Radiotelescopes in space

Since 1965, humans have launched three space-based radio telescopes. In 1965, the Soviet Union sent the first one called Zond 3. In 1997, Japan sent the second, HALCA. The last one was sent by Russia in 2011 called Spektr-R.

Radio interferometry

The Very Large Array in Socorro, New Mexico, an interferometric array formed of 27 parabolic dish telescopes. USA.NM.VeryLargeArray.02.jpg
The Very Large Array in Socorro, New Mexico, an interferometric array formed of 27 parabolic dish telescopes.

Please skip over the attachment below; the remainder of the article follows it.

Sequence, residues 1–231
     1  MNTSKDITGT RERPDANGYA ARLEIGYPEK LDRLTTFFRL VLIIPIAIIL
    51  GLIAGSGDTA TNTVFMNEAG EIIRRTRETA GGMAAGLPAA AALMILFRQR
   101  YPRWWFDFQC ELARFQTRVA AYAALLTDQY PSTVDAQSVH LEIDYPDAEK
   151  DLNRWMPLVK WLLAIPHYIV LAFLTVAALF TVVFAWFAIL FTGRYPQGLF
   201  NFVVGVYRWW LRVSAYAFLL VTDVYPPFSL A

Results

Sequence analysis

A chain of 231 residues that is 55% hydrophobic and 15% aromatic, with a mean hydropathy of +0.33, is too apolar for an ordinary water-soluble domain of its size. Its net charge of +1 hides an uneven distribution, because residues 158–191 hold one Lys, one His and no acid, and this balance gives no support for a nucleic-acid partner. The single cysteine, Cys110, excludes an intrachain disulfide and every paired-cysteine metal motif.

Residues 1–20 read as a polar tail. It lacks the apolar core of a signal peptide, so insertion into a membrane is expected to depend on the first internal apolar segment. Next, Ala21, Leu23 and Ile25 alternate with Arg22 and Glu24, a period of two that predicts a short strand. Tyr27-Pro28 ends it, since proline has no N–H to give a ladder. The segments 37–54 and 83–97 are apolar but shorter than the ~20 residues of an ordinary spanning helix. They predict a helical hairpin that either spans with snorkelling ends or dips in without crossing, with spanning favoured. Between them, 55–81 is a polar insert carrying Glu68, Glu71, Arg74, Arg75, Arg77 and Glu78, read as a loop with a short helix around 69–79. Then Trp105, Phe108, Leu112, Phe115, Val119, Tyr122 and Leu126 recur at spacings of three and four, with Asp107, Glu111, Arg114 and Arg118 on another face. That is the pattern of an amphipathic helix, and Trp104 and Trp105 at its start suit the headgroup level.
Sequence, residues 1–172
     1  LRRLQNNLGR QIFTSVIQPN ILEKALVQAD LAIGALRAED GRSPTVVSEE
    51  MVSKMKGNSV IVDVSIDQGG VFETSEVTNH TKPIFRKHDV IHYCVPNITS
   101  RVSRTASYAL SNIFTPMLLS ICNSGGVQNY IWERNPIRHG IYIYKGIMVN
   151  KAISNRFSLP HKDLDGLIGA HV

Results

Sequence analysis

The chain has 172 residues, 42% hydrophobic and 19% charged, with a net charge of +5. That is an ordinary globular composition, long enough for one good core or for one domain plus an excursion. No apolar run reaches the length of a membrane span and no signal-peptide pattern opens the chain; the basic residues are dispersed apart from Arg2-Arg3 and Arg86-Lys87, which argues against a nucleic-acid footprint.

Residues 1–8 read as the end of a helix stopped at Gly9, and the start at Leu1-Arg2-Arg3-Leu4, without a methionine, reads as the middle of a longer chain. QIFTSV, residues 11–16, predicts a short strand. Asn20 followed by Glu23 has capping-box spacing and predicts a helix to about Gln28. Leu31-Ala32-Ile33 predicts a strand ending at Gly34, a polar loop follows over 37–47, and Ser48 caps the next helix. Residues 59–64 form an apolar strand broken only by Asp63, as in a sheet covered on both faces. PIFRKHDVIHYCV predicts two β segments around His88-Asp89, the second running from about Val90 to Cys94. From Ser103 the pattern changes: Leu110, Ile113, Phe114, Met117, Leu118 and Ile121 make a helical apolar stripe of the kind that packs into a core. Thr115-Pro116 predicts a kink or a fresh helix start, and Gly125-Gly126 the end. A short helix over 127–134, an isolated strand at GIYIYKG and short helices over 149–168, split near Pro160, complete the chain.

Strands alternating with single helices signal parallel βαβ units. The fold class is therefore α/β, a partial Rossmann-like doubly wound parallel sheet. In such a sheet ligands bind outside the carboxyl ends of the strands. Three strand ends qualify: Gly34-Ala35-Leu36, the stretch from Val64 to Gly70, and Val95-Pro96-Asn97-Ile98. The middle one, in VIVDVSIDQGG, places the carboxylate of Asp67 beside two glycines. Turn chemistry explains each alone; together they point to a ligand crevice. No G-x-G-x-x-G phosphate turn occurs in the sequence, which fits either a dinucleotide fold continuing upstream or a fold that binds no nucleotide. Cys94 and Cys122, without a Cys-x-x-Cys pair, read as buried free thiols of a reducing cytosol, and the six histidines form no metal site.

One of the most notable developments came in 1946 with the introduction of the technique called astronomical interferometry, which means combining the signals from multiple antennas so that they simulate a larger antenna, in order to achieve greater resolution. Astronomical radio interferometers usually consist either of arrays of parabolic dishes (e.g., the One-Mile Telescope), arrays of one-dimensional antennas (e.g., the Molonglo Observatory Synthesis Telescope) or two-dimensional arrays of omnidirectional dipoles (e.g., Tony Hewish's Pulsar Array). All of the telescopes in the array are widely separated and are usually connected using coaxial cable, waveguide, optical fiber, or other type of transmission line. Recent advances in the stability of electronic oscillators also now permit interferometry to be carried out by independent recording of the signals at the various antennas, and then later correlating the recordings at some central processing facility. This process is known as Very Long Baseline Interferometry (VLBI). Interferometry does increase the total signal collected, but its primary purpose is to vastly increase the resolution through a process called aperture synthesis. This technique works by superposing (interfering) the signal waves from the different telescopes on the principle that waves that coincide with the same phase will add to each other while two waves that have opposite phases will cancel each other out. This creates a combined telescope that is equivalent in resolution (though not in sensitivity) to a single antenna whose diameter is equal to the spacing of the antennas furthest apart in the array.